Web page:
Every weekend my dog, Dakota, and I go on at least one little hike. She is a German Shepherd/Norwegian Elkhound mix and quite out of shape (part of it I think is due to the history of hip dysplasia in GSD). She can rarely go over 4-5 miles in the heat of summer. Last weekend she made it 6 miles in the fall weather. The furthest she has gone in a day was 10 miles – and that was too much for HER.
Even though we may be able to go farther than our furry friends, we need to keep their health and happiness in mind. They aren’t going to tell us no; they will stay loyal and walk on. *Except after my dog went on a long hike and sprained her paw – she refused to go on a walk everyday for a week. Since I know am aware of what my pup can handle, I keep it within her limits. I still want to bring on some backpacking trips because I feel too guilty when I know I am enjoying a hike outside and she is stuck sleeping at home. When I do bring her, I make sure I keep it in her limits. KNOW YOUR DOG.
THINGS TO REMEMBER AND KNOW:
Just like you, your dog is going to need much more fuel and hydration when expending so much energy. When you feel thirsty, your dog is also thirsty. When you feel hungry, your dog is hungry. During strenuous activity such as backpacking you often need at least double your normal caloric intake – same goes for Fido. Make sure to pack enough food.
Just like you, your dog can’t automatically walk 10 miles in rough terrain with a heavy pack. Slowly build up your dog’s endurance and get them used to various terrain Concrete is a lot different from dirt and rocks. In addition, get them used to wearing a backpack. I have seen many pups, including my own, run and jumps for joy at the trail head. As soon as the pack goes on the dog turns into a statue and refuses to move. First just get them used to wearing an empty pack around the house, then around the block, then on your longer hikes. Then add some weight (such as a water bottle) and start over with around the house and progressing from their. I want my pup to be happy, so I try not to exceed 10-15% of her body weight.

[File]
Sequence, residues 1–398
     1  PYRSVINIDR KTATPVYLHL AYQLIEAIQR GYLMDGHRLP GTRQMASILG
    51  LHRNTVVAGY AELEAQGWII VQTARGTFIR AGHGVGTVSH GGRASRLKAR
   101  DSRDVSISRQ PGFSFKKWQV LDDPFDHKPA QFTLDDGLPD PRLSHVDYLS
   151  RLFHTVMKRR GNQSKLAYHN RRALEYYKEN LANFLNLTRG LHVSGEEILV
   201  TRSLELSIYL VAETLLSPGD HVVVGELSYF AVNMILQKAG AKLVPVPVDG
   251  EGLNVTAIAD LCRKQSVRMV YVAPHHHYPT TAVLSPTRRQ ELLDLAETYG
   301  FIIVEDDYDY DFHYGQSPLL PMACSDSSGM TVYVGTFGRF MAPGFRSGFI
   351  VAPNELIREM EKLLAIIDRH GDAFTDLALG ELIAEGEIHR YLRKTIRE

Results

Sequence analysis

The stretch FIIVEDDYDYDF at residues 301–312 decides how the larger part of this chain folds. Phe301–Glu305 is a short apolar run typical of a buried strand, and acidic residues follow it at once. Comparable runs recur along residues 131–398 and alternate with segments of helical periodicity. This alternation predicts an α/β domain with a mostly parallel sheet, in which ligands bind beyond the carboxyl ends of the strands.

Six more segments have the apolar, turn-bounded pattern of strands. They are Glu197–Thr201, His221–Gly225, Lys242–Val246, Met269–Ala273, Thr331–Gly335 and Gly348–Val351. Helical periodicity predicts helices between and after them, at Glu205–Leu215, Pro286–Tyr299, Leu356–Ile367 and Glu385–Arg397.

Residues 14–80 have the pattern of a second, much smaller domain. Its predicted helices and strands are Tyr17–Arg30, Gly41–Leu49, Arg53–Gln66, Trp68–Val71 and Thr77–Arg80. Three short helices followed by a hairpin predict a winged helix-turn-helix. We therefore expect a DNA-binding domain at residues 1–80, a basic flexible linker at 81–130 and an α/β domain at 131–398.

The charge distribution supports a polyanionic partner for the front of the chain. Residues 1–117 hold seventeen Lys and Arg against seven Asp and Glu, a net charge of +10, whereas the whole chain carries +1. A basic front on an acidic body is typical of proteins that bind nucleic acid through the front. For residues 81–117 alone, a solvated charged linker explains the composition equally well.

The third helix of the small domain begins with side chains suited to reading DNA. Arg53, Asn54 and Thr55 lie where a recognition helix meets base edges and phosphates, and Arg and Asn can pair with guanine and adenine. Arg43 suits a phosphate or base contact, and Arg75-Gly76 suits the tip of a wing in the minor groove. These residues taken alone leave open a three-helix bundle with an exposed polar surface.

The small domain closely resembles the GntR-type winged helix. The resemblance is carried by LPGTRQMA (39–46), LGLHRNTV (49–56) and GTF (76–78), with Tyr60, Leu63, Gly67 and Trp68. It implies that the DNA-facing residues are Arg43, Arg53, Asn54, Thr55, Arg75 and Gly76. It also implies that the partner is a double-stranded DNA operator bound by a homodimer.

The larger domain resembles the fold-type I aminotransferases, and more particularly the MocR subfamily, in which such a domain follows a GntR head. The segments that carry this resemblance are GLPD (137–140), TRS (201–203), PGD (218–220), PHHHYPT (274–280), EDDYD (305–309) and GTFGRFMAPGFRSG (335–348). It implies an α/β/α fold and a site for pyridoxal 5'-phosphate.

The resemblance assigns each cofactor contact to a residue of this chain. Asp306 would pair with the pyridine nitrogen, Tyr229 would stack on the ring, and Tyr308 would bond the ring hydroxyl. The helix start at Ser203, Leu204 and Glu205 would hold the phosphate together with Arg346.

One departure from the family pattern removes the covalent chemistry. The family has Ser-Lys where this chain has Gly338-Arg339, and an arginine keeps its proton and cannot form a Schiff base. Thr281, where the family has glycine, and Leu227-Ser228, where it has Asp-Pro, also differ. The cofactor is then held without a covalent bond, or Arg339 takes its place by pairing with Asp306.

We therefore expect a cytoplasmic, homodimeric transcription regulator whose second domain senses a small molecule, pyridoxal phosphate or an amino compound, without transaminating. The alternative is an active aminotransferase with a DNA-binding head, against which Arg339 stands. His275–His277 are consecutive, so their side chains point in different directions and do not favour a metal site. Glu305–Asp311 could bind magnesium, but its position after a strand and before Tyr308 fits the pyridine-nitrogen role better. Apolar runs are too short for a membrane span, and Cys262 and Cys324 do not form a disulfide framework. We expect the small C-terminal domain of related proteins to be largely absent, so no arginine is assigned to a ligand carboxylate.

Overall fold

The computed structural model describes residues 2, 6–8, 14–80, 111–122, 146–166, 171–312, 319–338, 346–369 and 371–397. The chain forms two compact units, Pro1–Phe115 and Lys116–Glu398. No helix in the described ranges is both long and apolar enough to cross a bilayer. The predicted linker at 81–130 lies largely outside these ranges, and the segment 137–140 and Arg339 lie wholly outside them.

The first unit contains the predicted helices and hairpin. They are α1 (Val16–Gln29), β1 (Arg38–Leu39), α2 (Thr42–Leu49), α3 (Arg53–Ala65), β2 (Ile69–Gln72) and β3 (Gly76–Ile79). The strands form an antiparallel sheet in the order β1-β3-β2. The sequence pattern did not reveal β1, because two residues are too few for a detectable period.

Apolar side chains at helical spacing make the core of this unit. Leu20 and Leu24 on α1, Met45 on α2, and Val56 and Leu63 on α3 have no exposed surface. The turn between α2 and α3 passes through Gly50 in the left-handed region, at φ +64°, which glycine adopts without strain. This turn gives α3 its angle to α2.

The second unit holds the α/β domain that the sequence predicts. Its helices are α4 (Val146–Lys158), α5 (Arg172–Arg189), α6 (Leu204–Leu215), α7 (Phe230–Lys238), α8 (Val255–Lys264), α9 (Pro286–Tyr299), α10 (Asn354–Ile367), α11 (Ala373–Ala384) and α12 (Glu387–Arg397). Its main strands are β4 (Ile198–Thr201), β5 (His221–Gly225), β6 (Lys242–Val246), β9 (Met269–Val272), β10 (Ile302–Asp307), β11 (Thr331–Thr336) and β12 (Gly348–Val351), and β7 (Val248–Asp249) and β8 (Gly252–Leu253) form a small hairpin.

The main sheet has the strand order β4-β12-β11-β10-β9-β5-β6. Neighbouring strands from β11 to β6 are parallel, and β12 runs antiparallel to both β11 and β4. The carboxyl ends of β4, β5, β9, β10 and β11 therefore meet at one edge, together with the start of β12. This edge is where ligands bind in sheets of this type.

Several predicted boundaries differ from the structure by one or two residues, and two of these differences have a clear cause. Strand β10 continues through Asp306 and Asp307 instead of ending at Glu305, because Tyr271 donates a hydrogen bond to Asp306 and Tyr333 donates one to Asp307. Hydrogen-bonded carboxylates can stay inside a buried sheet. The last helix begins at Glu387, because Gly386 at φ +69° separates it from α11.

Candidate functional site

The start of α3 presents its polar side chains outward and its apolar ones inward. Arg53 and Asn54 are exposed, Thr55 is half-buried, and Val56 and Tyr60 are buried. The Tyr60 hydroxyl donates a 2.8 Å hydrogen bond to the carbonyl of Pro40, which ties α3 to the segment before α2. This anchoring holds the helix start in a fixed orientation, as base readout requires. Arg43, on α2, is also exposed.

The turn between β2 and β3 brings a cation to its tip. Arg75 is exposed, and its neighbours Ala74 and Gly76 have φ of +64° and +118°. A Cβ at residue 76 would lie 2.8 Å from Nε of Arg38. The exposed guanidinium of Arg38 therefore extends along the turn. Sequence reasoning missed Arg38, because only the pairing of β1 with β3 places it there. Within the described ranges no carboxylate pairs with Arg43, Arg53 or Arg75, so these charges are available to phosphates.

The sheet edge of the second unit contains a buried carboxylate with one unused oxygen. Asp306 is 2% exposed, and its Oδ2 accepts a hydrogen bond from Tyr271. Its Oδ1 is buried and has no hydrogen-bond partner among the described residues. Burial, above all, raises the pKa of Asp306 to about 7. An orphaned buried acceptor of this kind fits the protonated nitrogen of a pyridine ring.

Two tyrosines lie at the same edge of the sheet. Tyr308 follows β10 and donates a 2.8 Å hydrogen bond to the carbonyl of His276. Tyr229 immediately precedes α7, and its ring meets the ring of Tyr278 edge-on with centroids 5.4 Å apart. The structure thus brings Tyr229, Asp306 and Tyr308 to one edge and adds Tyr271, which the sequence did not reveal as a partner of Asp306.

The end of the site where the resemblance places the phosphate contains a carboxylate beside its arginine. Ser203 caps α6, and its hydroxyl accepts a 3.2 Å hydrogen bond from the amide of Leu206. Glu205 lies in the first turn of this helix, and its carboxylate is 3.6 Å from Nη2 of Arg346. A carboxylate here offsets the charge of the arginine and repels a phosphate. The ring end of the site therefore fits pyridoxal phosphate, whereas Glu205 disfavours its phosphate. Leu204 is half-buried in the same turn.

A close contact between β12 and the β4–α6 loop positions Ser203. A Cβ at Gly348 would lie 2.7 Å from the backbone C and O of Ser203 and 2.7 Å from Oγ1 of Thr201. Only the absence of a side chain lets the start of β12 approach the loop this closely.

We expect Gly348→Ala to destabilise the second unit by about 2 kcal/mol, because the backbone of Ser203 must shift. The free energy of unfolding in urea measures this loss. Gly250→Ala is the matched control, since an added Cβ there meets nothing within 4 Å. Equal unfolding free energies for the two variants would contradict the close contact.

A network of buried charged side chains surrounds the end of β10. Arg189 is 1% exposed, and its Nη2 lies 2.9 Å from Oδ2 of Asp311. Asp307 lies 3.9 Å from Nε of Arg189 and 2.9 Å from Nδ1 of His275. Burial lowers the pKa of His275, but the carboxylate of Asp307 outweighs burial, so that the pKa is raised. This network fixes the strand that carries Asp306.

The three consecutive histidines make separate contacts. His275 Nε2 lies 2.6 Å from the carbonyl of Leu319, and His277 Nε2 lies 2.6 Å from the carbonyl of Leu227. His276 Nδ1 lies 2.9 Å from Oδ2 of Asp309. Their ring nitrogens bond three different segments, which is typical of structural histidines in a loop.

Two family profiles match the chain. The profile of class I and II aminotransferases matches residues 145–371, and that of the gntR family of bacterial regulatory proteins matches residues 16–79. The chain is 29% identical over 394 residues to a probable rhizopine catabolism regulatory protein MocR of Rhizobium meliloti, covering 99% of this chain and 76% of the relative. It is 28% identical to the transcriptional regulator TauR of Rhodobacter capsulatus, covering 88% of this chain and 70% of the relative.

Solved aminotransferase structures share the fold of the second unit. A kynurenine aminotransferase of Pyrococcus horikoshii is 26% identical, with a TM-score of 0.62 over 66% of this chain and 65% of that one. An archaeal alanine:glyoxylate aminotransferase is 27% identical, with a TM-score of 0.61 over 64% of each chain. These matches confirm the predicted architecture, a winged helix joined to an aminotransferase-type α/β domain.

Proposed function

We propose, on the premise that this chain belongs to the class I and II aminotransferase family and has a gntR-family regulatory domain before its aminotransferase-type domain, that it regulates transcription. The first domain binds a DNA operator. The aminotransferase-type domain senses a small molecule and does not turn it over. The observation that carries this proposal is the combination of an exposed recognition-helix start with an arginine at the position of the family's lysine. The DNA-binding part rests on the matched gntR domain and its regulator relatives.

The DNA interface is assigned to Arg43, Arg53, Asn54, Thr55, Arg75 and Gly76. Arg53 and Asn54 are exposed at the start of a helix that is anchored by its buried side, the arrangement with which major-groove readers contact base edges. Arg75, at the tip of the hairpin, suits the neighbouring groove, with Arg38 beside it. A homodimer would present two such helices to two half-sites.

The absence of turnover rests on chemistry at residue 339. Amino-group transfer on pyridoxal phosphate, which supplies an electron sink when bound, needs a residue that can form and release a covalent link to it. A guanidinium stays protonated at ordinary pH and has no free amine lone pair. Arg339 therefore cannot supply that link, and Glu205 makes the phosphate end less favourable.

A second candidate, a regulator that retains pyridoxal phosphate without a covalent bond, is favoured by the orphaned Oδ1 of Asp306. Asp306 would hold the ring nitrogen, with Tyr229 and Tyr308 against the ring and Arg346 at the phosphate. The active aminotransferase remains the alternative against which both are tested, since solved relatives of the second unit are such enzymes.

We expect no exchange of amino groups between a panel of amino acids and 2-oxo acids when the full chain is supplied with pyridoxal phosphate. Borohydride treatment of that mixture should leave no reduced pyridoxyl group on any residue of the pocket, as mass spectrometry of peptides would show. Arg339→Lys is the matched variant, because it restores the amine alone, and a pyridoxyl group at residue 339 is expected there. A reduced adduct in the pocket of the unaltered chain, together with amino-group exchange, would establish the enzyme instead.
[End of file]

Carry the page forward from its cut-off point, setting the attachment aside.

Keep your dog safe. Get familiar with pet first-aid. There are many community classes held on animal first-aid. Sites like peteducation.com and avma.org also have great articles and info on pet first aid. Get them safety gear, such as a flotation vest, boots, and collar light. See some of my favorite gear below. Dogs are also susceptible to waterborne illness. Watch what they are drinking and guide them to clear, running water if possible. Always carry extra water for your dog as you would yourself.
Trip Planning and Trail Regulations
I live in the Salt Lake Valley of Utah where there are protected watershed – therefore I can only bring my pup along in a few select areas. Don’t get me wrong – can drive less than an hour and my options multiply! Always make sure to double-check regulations of where you plan on going. Are they allowed everywhere, or only designated trails? Many parks require dogs be on leash at all times, if not, make sure your dog is well-trained and will listen to your commands even when seeing a squirrel. Do not forget Leave No Trace Principles! We would not take a dump in the middle of the trail; your dog shouldn’t either. Pack it out or bury it. Also keep your dog on trail and off delicate surfaces.
Dog Packing List (obviously this list will differ based on length, # of days, and location)
Leash – 10 ft or shorter. Parks often require a leash not be longer than 6 or 10 ft. I prefer a leash that has an additional handle at healing length.
Brush – There are a lot of burrs out there. Enough said.
Collar – With ID tag and contact info, preferably have your pet micro-chipped as well. Also include a light, whether built in or clip on. You could also consider a harness with a handle. These can come in very handy if you need to lift your dog on tough scrambles/climbs or to rescue in water. If you are going to be in water, a PDF may also be a good extra.
Boots – Protect your dogs sensitive paws from sharp and hot rocks.
Dog Bed – keep them comfy and protected from heat loss on the cold ground.
Water and Food Dish
First Aid Kit – most of this stuff you will already carry for yourself
- hydrogen peroxide
- antibiotic lotion
- gauze roll & pads
- vet wrap
- adhesive tape
- pocket guide to pet first aid
- copy of vaccines
- extra rope or webbing (in case you need to rig something to carry your dog out)
Dog Food and Snacks/Treats